Critics: Ad Bans Curry White House Favor
An activist group that claims the TV networks arbitrarily choose what ads to reject is now asking the FCC to investigate each network’s policy on advocacy advertising.
Networks claim the right to reject issue ads on controversial topics, but “the network’s decisions on which ads to run are inconsistent at best,” complains Melanie Sloan, executive director of Citizens for Responsibility and Ethics in Washington (CREW).
Sloan’s group raised the alarm after NBC reversed its decision to air an ad opposing President Bush’s plan to limit victims’ awards in medical-malpractice suits. The advertisement was sponsored by USAction, a consumer-advocacy organization, and was scheduled to run on NBC minutes before the president’s State of the Union address last week. NBC later reversed its decision to run the ad. The ad was previously rejected by ABC, CBS and Fox, according to USAction.
The ad features Dylan Malone, whose son Ian died from injuries sustained at birth. Malone warns that President Bush’s plan to limit medical-malpractice damages would deny restitution to millions of deserving victims.
Although the networks say they reject all controversial issue ads, CREW argues that only spots likely to get stations in hot water with the White House are turned down. CREW points out that the networks have run spots advocating White House-backed ideas, such as limits on asbestos lawsuits.
Nets Revolt Over Kids’ Web Rules
What’s the hottest TV issue in Washington? Judging by the protests from major TV networks, new FCC rules restricting the display of Web-site addresses during children’s programming rank right up with fights over cable carriage, media ownership or indecency.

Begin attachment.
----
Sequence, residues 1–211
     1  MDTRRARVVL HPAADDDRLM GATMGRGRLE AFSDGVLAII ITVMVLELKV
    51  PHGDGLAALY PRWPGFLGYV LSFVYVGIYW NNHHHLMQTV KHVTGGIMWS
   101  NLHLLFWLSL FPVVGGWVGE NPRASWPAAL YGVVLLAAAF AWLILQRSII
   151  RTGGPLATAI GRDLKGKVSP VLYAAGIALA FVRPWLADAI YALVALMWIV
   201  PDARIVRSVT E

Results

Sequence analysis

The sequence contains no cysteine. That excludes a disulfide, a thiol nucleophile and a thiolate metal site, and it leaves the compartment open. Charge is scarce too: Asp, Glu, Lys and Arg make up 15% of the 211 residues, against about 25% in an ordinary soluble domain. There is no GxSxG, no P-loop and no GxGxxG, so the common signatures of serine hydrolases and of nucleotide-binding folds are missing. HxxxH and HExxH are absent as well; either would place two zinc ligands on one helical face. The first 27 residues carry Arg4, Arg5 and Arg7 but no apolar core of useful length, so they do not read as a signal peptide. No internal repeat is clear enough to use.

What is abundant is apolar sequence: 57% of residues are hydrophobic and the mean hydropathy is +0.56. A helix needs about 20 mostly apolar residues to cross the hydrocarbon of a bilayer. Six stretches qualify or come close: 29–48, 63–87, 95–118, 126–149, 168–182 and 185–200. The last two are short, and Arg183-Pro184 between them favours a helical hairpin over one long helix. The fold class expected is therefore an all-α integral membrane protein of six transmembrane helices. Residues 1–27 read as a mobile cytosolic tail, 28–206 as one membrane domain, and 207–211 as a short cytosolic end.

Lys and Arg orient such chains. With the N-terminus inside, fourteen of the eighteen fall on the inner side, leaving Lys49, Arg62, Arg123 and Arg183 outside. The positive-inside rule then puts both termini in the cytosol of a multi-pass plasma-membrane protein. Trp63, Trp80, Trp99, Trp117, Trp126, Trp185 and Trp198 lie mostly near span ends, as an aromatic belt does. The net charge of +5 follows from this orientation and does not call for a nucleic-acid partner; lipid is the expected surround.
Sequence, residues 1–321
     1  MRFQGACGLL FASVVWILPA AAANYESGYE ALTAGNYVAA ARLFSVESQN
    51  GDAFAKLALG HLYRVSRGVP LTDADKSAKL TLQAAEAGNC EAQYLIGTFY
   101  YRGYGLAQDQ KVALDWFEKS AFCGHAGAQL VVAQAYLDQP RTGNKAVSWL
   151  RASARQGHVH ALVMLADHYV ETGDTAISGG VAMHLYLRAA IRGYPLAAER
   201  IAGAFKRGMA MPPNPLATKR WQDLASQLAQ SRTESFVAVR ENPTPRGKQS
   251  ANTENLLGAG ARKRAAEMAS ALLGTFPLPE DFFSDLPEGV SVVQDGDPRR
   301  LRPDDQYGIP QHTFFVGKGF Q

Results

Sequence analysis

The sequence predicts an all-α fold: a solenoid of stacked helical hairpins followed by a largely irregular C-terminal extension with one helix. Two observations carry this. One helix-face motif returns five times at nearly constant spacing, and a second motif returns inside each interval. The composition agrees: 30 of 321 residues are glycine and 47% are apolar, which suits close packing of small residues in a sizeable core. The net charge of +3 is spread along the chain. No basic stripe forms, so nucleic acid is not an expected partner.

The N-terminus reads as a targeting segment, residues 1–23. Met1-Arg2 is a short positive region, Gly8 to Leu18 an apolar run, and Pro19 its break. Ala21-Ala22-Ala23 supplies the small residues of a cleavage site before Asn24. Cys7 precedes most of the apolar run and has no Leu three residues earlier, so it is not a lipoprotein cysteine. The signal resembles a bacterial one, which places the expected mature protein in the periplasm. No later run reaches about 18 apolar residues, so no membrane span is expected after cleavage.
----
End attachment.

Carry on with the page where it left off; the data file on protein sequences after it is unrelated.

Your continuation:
What would seem to be an arcane issue—showing a Web address—has drawn howls from Fox, Turner, Time Warner, Discovery and Nickelodeon. Advertising-industry trade groups also oppose the rules.
The protests prompted the FCC to postpone the Feb. 1 effective date until Jan. 1, 2006, but some networks want the FCC to throw out the rules entirely and start over.
Approved by the FCC in September, the rules would limit programmers’ current practice of displaying commercial Web-site addresses in a crawl at the bottom of the screen. The aim is to make sure programmers don’t circumvent hourly limits on ad time during kids shows by herding children to Web sites.
Programmers and advertisers complain that the FCC definition of a “commercial” Web site is so broad that nearly all Web addresses would be banned. The FCC’s new rules “would place premature, speculative and unreasonable barriers on the interaction between TV and the Internet,” says Dan Jaffee, executive vice president of the Association of National Advertisers.
Stop Us Before We Sell Again
Apparently unable to police its members, the Electronic Retailing Association (ERA) says broadcasters must pitch in to keep bogus infomercials off the air.
At an ERA seminar in New York this week, the group is giving cable and broadcast executives pointers on how to spot false and misleading long-form commercials.
“When we determine that a direct-response advertisement is unsubstantiated, we need the commitment of cable stations and networks that they will refrain from airing that program,” the group said in an announcement for the event.
Federal Trade Commission representatives will also be on hand to talk about the importance of self-regulation. The FTC has been cracking down on false and misleading diet and health claims on TV and elsewhere and has given the media a set of pointers on what to watch out for.
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